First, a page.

The state of New Jersey began in 1664 as a royal gift from Charles II of England to his brother James, Duke of York. The sizeable land parcel was then given to two loyal noblemen, Sir George Carteret and John Lord Berkeley, both of whom have had towns and streets named after them. Of course, the area wasn’t really new because the land already supported a diverse population, but the document that records the 1664 transaction proclaims “said Tract of Land is hereafter to be called by the name or names of New Cesarea or New Jersey” and that made it official.
New Jersey wasn’t going to let this year go by without some recognition so a website was created, www.officialnj350.com, which lists a year’s worth of events and celebrations in honor of our 350th anniversary. The themes are innovation, diversity and liberty. After all, New Jersey is one of the original 13 states and the first to ratify the Bill of Rights in 1789. Here were the first organized baseball and basketball games, the first boardwalk, first drive-in movie theater (in fact, the first movie!), the first brewery, the first town lighted by electricity, and many more firsts. And when we refer to the Jersey Shore we’re not talking about a bunch of stupid kids and their drunken antics but well over a hundred miles of prime shoreline.
Early on, New Jersey became known as the Garden State and we’re still world famous for our tomatoes, corn and cranberries. Much of the state is now industrialized and we have the highest population density of any state in the country, as well as the highest number of toxic dumps in the U.S. It is said that when truckers enter New Jersey via one of the bridges or tunnels they radio, “We’re in the Garbage State.” Yet New Jersey has done a pretty good job of saving a lot of our wilderness areas. In South Jersey, 1.1 million acres of the Pine Barrens are preserved in perpetuity. And there are dozens of state and county parks and forests, many that I’ve enjoyed while hiking and camping.
Throughout the 21 years I’ve lived here, countless smartasses have asked, “You’re from Jersey? What exit?” It is true we have the densest highway system in the country. Did you know the Jersey barrier was invented here? And the jughandle? But once you leave the limited-access highways with their service areas featuring fast-food chains and stick to local roads, you get to experience the phenomenon known as the Jersey Diner. With an estimated 400 such establishments, New Jersey is known as the Diner Capital of the World. In fact, the official 350th anniversary website lists several events dedicated to the Jersey diner. Did you know that hundreds of diners—those stainless steel beauties—were manufactured here in the 20th century, and that of those originals, only a few dozen remain?
Yet to bikers, diners represent something else entirely. They are excellent meet-up spots. They offer comfort food during cold rides. Cheap eats—mostly. Nonjudgmental staff and no dress codes. To me, they evoke nostalgia and sometimes intrigue. Take the Tick Tock Diner, an art deco structure built in 1947 on Route 3 in Clifton. It’s where I went on my first Match.com date (a disaster), and had to take my first-ever night ride home to my Hoboken condo, solo on my Sportster. The Tick Tock is one of the top-rated diners in the state and was featured on Guy Fieri’s Food Network show, Diners, Drive-Ins and Dives. It was also the place where, years later, the manager of the diner was arrested for plotting to kill his uncle, one of the diner’s co-owners. He’d hired a hitman to kill his uncle and hide the body because he thought he was keeping too much of the profits. Part of the ill-conceived plan was to torture him into revealing the combination to the safe.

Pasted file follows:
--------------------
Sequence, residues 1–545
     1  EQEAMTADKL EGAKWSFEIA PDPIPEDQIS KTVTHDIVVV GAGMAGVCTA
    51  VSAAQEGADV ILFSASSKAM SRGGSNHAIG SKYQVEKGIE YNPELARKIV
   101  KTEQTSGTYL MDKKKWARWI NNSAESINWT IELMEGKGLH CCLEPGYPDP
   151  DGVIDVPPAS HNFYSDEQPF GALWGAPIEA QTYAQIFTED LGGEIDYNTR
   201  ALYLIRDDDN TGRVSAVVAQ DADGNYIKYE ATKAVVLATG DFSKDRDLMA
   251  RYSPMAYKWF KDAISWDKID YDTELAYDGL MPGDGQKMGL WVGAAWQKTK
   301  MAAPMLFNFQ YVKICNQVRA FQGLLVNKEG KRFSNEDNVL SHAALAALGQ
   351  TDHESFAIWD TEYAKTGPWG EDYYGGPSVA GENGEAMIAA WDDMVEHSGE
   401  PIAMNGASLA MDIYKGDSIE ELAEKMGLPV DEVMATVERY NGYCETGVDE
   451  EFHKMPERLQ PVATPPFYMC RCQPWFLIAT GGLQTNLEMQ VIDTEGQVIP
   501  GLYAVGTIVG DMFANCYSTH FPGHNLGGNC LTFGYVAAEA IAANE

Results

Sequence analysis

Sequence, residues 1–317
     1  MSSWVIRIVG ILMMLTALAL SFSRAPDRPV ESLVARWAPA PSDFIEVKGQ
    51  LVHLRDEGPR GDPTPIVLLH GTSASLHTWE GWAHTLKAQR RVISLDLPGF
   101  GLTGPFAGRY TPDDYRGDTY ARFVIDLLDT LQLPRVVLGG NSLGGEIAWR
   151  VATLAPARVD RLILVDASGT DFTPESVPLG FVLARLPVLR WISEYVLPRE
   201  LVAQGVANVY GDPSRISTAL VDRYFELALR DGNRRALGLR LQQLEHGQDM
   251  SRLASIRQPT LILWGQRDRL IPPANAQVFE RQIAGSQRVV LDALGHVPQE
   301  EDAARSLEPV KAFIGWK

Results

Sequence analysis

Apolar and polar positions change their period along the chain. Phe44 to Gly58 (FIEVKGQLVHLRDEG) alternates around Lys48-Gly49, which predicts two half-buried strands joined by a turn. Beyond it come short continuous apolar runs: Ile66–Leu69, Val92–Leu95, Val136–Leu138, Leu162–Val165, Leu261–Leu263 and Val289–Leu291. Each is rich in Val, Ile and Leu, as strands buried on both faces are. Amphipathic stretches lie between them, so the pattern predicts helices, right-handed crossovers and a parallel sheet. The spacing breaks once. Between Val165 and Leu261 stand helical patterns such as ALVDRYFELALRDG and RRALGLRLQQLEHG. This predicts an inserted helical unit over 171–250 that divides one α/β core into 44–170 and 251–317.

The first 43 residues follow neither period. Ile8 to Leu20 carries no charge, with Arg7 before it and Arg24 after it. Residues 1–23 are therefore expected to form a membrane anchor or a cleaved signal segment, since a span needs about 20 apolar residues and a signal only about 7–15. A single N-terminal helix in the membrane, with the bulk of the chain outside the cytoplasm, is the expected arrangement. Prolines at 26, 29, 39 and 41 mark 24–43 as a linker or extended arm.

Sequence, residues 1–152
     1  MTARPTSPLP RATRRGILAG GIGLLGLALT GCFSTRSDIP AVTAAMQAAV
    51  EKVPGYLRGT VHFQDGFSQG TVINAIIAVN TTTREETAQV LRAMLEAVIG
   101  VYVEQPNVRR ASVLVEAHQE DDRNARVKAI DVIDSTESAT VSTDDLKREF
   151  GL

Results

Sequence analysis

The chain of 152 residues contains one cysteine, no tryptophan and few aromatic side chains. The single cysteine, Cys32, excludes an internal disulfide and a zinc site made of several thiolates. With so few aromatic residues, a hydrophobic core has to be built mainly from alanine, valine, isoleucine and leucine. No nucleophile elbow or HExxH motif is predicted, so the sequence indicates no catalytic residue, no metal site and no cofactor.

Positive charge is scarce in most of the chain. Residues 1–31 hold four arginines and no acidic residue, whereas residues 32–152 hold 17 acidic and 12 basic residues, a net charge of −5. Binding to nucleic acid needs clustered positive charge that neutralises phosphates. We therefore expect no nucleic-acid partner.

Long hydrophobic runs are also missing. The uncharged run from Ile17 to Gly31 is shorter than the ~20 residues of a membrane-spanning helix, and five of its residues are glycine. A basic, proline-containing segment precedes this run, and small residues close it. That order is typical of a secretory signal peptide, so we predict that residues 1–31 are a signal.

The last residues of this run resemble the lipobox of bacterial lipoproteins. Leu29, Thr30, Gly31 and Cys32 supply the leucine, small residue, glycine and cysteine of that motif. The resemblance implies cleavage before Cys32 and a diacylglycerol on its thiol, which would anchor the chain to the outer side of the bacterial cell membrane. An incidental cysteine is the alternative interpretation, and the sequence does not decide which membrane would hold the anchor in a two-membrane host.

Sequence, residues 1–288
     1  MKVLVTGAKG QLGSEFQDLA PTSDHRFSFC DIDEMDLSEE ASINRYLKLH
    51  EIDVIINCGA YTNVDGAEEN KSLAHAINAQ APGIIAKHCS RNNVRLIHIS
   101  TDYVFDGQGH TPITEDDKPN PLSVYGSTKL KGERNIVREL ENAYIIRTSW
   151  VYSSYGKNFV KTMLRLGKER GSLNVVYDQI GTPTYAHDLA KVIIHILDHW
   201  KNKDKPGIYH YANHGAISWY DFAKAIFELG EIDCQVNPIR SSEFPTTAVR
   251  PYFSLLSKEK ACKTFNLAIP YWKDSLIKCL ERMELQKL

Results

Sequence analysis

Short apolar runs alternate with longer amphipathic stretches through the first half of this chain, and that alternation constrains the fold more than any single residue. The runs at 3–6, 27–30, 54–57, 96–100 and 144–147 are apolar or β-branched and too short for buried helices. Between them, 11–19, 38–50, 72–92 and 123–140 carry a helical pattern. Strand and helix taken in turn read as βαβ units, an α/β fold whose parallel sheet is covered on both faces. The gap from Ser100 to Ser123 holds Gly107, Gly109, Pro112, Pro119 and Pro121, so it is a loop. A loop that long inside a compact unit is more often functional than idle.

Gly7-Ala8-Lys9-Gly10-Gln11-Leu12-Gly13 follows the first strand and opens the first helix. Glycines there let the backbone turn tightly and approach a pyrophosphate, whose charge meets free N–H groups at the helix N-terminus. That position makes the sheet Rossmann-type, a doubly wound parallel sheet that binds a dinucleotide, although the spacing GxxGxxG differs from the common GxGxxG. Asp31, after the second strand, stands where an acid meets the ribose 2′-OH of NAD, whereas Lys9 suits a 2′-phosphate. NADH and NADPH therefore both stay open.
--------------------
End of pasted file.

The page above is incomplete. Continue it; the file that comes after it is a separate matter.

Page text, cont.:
Then there’s the Hibernia Diner in Rockaway, just a few minutes from my current home. I’ve enjoyed numerous breakfasts there and it’s a frequent meet-up spot for my motorcycle club’s rides. This is a typical family diner and we think it was perfect the way it was, but now it is being completely renovated from the inside out. The entire town is waiting for its reopening.
The state has seen fit to recognize our distinguished diner heritage and has sponsored a few events honoring this New Jersey institution. Sadly (yet not surprisingly), the 350th anniversary website does not list any motorcycle-related events. So a while back I made a subtle suggestion to one of the dealerships in the area. “Hey, New Jersey is celebrating its 350th birthday. You should have an event around that.” I was politely thanked for “a wonderful idea” and since then haven’t heard a thing.
So I propose a tour to discover the wonderful world of Jersey diners, traversing the seven official scenic byways in the state along with lesser-known back roads. The state is 70 miles wide and 170 miles long and there is much fabulous riding here—from High Point in the northwest corner of the state, through state forests near the Delaware, to the Pinelands in south Jersey, along the shore and many areas in between.
While we’re down south we can stop at the Vincentown Diner that features organic foods, locally grown produce, pasture-fed beef and Jersey-vinted wine. You can go into the diner and find a variety of locally produced culinary delicacies being sold next to the front counter. Up north in Hasbrouck Heights is the Bendix Diner, a typical stainless steel railroad car-like structure. And there are so many more. One could spend years riding the thousands of miles and visiting the hundreds of diners here. I think that from a motorcyclist’s point of view, it’s a fitting tribute to the 350th anniversary of my adopted state.